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Why is paper money considered fiat money?
A dollar bill contains only about 3 cents worth of paper, printing inks, and other materials. Also, nowhere on paper is there any promise to redeem it for gold, silver, or anything else.

I am not sure what the latter half of the sentence means, but I think it means:

"People can't exchange paper money for gold, silver, or anything else."

And I guess to here is attached to promise, so it adds information to promise , so it should share the same function as relative clause?

If the above understanding is right, can I rephrase the sentence into:

Nowhere on paper is there any promise which allows user to redeem it for gold, silver, or anything else.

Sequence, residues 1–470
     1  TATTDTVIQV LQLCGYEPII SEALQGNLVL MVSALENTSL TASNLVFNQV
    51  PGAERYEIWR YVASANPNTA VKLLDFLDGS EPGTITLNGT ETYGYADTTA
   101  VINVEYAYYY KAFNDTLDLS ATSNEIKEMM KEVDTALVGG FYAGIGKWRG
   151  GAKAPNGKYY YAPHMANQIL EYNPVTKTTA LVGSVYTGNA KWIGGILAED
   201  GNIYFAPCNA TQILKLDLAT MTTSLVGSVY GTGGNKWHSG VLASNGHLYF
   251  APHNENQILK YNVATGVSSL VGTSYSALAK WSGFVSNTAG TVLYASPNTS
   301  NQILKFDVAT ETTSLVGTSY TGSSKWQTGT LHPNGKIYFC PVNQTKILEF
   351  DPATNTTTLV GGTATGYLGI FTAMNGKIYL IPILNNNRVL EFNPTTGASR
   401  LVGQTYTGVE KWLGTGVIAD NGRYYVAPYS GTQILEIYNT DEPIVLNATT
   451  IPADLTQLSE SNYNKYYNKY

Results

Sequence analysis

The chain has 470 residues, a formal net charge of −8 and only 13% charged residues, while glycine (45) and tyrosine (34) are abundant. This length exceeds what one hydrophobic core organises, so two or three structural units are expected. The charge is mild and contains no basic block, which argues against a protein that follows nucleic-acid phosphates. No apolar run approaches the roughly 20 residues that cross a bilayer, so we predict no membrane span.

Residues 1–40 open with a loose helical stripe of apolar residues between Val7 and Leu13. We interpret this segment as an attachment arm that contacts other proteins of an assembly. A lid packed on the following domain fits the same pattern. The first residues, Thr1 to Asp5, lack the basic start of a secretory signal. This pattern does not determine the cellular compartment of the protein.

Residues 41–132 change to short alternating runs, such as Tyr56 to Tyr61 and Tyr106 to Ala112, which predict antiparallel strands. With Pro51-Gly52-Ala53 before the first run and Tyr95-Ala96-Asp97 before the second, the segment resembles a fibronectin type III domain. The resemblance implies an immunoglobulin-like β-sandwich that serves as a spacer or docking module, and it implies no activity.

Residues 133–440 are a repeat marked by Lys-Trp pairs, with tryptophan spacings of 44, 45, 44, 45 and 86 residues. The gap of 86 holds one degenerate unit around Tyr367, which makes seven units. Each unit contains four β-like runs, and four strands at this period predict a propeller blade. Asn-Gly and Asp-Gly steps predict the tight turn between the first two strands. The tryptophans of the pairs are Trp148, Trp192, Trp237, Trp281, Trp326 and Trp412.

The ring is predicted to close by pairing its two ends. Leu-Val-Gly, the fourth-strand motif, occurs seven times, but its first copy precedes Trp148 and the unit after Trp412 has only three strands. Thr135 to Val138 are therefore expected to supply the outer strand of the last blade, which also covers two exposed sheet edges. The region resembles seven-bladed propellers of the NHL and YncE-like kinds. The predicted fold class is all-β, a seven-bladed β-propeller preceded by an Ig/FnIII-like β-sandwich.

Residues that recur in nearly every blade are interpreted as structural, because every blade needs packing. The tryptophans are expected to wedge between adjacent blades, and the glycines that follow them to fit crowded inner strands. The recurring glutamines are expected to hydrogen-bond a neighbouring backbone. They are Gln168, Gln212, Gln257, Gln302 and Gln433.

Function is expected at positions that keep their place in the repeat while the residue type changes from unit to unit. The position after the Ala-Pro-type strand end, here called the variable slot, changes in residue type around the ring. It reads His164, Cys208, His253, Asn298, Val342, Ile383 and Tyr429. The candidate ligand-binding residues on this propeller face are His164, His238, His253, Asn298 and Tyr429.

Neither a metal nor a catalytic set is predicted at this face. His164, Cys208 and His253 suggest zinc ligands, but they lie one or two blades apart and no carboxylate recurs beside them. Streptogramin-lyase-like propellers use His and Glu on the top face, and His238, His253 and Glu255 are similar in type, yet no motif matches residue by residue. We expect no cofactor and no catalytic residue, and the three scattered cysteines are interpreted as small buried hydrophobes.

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    No: the infinitival clause is complement of "promise".
    – BillJ
    Jun 10 '19 at 7:41
  • @BillJ Thank you for the answer, is my understanding of the meaning the sentence correct?
    – Fionna
    Jun 10 '19 at 10:26
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    Not quite: the infinitival defines what the promise is, rather than expressing some property of it.
    – BillJ
    Jun 10 '19 at 13:27
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Your understanding of the sentence is correct as is your reasoning!

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